. "A Progress Report on Computer-Based Patient Records in the Unites States." The Computer-Based Patient Record: An Essential Technology for Health Care, Revised Edition. Washington, DC: The National Academies Press, 1997.
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the data was originally acquired. Observational studies of clinicians' information needs provide details on the kinds of information physicians require to make decisions regarding the care of their patients (Tang et al., 1994). Up to 81 percent of the time, physicians could not find all the available patient information desired to make patient care decisions during an outpatient encounter. Limited by a format that has not substantively changed in close to a century, the paper record is ill-suited to the information demands of modern clinical practice. Most CPR system vendors offer products that combine data from various sources and present an integrated view to clinicians.
Access to Knowledge Resources
Providers often need other information in addition to patient data and their own personal knowledge (Covell et al., 1985). The guidelines, rules, and regulations in the managed care environment have intensified this need to access medical and administrative knowledge at the time decisions are made. CPR systems sometimes provide methods for organizations to incorporate access to local knowledge resources, but generally, this knowledge access is passive. That is, the user searches for the needed information electronically but has to abstract the pertinent content and enter any relevant orders manually into the clinical system. Ideally, access to knowledge resources should be integrated with clinical decision support in ways that directly influence physicians' ordering behavior, as described below.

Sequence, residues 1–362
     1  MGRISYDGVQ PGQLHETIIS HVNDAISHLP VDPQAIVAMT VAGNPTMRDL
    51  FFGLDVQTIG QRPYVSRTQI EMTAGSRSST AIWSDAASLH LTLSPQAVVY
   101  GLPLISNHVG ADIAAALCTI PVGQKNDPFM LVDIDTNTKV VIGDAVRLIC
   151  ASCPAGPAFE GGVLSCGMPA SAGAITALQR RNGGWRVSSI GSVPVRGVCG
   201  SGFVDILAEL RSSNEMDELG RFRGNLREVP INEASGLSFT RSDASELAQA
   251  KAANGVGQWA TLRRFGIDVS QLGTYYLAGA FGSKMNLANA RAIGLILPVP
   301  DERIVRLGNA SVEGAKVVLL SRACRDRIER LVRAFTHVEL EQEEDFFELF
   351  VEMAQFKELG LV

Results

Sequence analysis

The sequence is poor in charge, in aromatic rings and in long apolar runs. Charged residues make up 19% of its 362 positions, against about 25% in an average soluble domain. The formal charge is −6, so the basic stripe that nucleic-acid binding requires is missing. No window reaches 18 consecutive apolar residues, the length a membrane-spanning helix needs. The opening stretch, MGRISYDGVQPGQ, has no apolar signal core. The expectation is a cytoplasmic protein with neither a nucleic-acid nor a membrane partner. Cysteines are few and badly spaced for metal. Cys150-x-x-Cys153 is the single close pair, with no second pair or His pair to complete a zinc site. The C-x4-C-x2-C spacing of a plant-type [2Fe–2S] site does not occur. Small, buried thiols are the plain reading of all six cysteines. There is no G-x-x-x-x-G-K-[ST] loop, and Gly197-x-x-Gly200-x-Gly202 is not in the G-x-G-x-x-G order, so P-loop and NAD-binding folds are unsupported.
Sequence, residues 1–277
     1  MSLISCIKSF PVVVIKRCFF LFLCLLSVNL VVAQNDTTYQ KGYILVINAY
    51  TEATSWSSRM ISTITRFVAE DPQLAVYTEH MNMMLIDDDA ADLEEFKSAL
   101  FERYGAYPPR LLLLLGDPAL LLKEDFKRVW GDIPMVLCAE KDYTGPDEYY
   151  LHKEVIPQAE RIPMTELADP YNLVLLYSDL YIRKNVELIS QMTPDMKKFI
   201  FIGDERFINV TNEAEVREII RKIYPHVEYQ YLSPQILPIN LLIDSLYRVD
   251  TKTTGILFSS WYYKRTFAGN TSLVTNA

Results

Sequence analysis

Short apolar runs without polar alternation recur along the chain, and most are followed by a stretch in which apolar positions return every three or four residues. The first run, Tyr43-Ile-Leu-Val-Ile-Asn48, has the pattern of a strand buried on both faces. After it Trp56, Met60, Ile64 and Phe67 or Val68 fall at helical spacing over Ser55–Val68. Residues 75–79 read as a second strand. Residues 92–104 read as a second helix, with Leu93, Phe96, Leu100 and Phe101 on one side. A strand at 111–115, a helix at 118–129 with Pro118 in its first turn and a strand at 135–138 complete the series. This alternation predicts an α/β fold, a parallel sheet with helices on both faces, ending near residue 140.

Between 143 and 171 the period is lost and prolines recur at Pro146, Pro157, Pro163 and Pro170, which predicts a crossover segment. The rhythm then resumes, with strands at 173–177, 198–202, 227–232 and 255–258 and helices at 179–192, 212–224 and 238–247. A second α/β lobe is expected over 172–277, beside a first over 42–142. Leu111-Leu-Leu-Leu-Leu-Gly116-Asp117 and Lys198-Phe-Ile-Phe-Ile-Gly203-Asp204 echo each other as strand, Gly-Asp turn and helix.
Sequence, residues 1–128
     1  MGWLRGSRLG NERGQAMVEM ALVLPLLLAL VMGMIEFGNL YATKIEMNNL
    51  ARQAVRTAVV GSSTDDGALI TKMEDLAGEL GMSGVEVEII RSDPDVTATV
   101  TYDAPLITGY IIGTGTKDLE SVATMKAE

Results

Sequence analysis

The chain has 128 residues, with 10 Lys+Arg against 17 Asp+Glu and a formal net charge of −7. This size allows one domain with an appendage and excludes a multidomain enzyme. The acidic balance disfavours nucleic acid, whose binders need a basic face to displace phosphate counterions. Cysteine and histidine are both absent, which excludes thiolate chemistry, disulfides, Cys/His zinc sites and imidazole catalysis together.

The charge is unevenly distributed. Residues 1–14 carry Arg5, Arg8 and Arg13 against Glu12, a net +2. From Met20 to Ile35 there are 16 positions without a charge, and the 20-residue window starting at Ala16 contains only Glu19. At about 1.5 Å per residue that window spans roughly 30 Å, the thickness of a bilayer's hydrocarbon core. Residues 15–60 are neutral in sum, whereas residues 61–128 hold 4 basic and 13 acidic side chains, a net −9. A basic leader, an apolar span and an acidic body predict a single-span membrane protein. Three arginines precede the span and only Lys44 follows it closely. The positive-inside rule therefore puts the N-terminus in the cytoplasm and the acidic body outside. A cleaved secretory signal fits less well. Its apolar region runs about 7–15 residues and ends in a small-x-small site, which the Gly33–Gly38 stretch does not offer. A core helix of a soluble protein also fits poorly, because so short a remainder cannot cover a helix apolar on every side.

Physician Order Entry and Clinician Data Entry
Physician orders initiate clinical interventions. Proactively influencing physicians' orders is the most efficient way to influence patient outcomes (McDonald, 1976, 1984). Systems that physicians use routinely to enter orders, whether in the impatient setting or outpatient setting, can produce significant effects on quality and costs of care (Barnett, 1984; Tierney et al., 1987, 1990, 1993; Sittig and Stead, 1994). In addition, when clinical data are entered and maintained by the clinicians responsible for care, the accuracy and quality of data are high. Very few commercial systems, however, are used by physicians to write all their orders. Human-computer interface issues and perceived benefit substantially affect the success of this function. Some of the reasons are discussed later under remaining barriers.
Integrated Communications Support
With an increasing emphasis on outpatient care, coordinating the activities of health care professionals from multiple organizations at different sites, including the home, becomes more important. No longer confined to an acute care facility